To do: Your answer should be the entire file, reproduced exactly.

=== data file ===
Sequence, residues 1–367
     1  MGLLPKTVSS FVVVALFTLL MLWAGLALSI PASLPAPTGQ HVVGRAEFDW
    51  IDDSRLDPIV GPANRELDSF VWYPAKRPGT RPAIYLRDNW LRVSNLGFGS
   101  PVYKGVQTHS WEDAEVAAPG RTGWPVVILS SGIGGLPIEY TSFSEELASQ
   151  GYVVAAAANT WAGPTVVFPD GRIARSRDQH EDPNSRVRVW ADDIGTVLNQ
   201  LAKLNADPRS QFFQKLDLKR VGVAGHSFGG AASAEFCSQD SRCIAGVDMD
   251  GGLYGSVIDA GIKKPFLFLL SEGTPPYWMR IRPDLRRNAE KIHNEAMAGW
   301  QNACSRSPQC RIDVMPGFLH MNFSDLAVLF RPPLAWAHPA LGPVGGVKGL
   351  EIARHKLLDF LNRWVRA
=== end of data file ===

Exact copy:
Sequence, residues 1–367
     1  MGLLPKTVSS FVVVALFTLL MLWAGLALSI PASLPAPTGQ HVVGRAEFDW
    51  IDDSRLDPIV GPANRELDSF VWYPAKRPGT RPAIYLRDNW LRVSNLGFGS
   101  PVYKGVQTHS WEDAEVAAPG RTGWPVVILS SGIGGLPIEY TSFSEELASQ
   151  GYVVAAAANT WAGPTVVFPD GRIARSRDQH EDPNSRVRVW ADDIGTVLNQ
   201  LAKLNADPRS QFFQKLDLKR VGVAGHSFGG AASAEFCSQD SRCIAGVDMD
   251  GGLYGSVIDA GIKKPFLFLL SEGTPPYWMR IRPDLRRNAE KIHNEAMAGW
   301  QNACSRSPQC RIDVMPGFLH MNFSDLAVLF RPPLAWAHPA LGPVGGVKGL
   351  EIARHKLLDF LNRWVRA